As pet owners, we know our dogs best. After all, we’re the ones walking them, feeding them, and getting comfy on the couch with them.
But what if there was a level of communication we were missing with our pets? A way to communicate trust, anxiety, or a desire to play?
By understanding dog body language, pet owners can better connect with their furry friends. And, as it turns out, communicating with your dog using body language is easy to do.
Understanding dog body language
According to the ASPCA, there are a number of signs our pups give that often go unnoticed. To better communicate with your pet, it’s important to understand what their body language means.
Nose or lip licks
If you’re reaching for a bag of treats and your dog starts licking his lips, it’s probably just because he’s eager for his favorite snack. But dogs frequently lick their lips and nose for a different reason. In situations separate from food, a dog licking his lips is usually trying to calm himself. Lip or nose licking indicates that your pup is nervous but working to relax.
You’re probably used to seeing your dog spread his paws in front of him, lowering his chest while raising his behind. This stance signals your dog’s eagerness to play. A bowing dog is feeling upbeat and comfortable.
There’s something sweet about a dog who taps his owner using his paw, almost like he’s extending a handshake or prod. And that’s exactly what pawing means for your pup. By tapping you with his paw, your dog is signaling connection with you and his desire for attention. This is a sign of friendship.
Some dogs just can’t seem to sit still. And when your pup starts wiggling his rear, it means he’s feeling playful. It may also mean he’s eager for a scratch.
Tail between legs
Perhaps the most commonly understood dog body language is the tail tuck. A dog tucking his tail between his legs signals fear and anxiety. If your pup has his tail lowered in this way, it’s a good idea to assess his environment for potential stressors.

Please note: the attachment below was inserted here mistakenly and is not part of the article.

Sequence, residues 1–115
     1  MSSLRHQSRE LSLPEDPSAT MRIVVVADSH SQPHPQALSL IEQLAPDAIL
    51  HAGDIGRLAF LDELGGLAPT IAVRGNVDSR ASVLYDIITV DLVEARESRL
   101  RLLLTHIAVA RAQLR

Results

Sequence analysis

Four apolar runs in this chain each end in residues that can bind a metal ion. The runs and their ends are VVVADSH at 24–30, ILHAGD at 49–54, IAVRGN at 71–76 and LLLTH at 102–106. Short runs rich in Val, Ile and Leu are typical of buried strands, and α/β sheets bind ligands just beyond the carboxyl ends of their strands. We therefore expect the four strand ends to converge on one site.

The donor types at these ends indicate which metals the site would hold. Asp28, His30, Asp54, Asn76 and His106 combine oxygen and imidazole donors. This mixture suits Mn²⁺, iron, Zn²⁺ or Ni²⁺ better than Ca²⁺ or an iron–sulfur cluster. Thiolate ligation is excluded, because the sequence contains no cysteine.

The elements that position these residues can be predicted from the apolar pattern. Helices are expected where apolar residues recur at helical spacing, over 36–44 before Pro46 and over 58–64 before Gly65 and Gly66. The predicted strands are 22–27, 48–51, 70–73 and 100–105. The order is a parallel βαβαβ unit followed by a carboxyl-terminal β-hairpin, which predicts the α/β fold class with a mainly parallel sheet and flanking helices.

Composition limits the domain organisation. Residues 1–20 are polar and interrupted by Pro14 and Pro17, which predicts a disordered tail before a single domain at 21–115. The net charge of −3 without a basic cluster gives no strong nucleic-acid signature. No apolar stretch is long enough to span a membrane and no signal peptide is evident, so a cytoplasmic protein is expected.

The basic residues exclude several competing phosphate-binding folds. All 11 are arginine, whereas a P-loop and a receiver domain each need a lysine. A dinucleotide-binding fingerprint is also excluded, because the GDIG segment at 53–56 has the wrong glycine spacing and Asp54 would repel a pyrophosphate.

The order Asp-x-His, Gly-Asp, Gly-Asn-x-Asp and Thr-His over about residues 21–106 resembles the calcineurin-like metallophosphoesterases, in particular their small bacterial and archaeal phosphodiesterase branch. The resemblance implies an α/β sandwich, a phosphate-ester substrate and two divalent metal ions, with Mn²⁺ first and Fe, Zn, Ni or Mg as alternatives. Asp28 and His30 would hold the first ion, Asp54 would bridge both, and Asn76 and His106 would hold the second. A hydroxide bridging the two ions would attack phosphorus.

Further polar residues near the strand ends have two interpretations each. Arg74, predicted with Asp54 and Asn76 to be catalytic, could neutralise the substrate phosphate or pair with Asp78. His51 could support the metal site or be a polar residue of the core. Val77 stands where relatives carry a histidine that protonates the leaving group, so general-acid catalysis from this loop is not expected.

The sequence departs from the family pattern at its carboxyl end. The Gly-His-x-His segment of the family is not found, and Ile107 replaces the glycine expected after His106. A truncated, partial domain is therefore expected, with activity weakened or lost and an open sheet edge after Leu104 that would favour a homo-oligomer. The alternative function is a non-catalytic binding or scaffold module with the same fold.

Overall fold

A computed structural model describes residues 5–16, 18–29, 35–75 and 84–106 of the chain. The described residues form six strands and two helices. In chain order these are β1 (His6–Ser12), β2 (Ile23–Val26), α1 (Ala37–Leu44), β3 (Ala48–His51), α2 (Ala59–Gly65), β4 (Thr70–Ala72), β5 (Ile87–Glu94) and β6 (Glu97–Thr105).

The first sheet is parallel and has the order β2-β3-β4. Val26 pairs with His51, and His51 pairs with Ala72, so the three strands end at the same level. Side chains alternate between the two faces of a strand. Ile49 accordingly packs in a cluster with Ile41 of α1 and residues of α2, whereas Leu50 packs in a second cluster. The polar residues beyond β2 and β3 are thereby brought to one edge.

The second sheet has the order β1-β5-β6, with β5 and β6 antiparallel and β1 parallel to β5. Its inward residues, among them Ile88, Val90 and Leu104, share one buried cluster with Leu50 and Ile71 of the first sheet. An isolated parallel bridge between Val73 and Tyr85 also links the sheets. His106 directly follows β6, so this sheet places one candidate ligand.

Unlike humans, dogs don’t just yawn when they need a boost of oxygen to the brain. They also yawn to signal others (both dogs and humans) to calm down. Reciprocating that yawn can be a signal of trust.
Dogs eyes are built differently than ours, so that the whites of their eyes usually don’t show. Visible eye whites are known as whale eye. When your dog is feeling highly anxious or aggressive, he may look at whatever is stressing him without turning his head. When this happens, the whites of his eyes show and indicate his stress.
To humans, a hug signals warmth and connection. For dogs, however, hugs are associated with fighting. When your pup is in play mode, it’s a good idea to avoid hugging him. Such actions may prompt a dog to go into fight mode.
What you can do
Once you’ve interpreted how your dog is feeling in any given situation, you can use dog body language to help regulate their mood. Here are some suggestions for ways to communicate with a dog depending on the body signals he shows you.
If a dog seems anxious:
Don’t lean or loom over your dog, as this may intimidate them. Just imagine if a big, powerful giant starting looming over you!
In addition, greet an anxious dog in a non-threatening way they’ll understand. Instead of touching them without introducing yourself, extend your hand to the dog, palm facing down. Let the anxious dog give you a good sniff before you start petting them.
If a dog seems especially on edge, show them you’re not a threat by turning your head away, averting your eyes, and moving slowly toward them. Eye contact tells pups that you’re aggressive and in control, which is something to avoid when first interacting with an anxious pooch.
Reciprocating their body language
Another great way to communicate with your dog is to reciprocate the body signals they’re showing you. If your dog yawns, you can yawn, too, to indicate your connection with them. And if your dog is acting up, you can yawn to encourage them to calm down. Reciprocating this action tells your pup that you’re trustworthy and paying attention.
In addition, reciprocating an action like pawing tells your dog that you want to play, too. By staying attentive to these cues and avoiding actions that may be interpreted as aggressive, you can vastly improve how you communicate with your dog.